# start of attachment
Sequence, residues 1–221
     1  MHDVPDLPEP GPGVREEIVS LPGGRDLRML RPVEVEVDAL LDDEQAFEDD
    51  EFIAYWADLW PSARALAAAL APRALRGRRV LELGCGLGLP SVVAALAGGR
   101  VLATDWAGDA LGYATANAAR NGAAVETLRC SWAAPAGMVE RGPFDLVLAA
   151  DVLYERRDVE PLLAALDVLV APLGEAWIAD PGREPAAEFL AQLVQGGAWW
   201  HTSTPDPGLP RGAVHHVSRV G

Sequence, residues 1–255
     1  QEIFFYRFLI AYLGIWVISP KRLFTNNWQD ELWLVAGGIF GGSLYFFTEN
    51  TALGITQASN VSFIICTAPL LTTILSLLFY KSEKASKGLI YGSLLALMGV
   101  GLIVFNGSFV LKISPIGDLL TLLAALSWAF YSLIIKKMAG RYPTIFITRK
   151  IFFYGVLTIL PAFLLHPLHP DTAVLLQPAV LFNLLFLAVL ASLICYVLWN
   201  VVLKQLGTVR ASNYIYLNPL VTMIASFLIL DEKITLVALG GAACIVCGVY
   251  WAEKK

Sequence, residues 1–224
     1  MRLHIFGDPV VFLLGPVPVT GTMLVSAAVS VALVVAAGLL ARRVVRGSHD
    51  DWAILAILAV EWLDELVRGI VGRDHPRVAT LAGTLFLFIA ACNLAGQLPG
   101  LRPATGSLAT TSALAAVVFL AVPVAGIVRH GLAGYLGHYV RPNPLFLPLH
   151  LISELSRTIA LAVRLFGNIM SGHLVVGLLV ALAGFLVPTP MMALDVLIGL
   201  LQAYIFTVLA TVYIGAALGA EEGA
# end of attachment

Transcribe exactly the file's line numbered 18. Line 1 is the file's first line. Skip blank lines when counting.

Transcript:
   151  LISELSRTIA LAVRLFGNIM SGHLVVGLLV ALAGFLVPTP MMALDVLIGL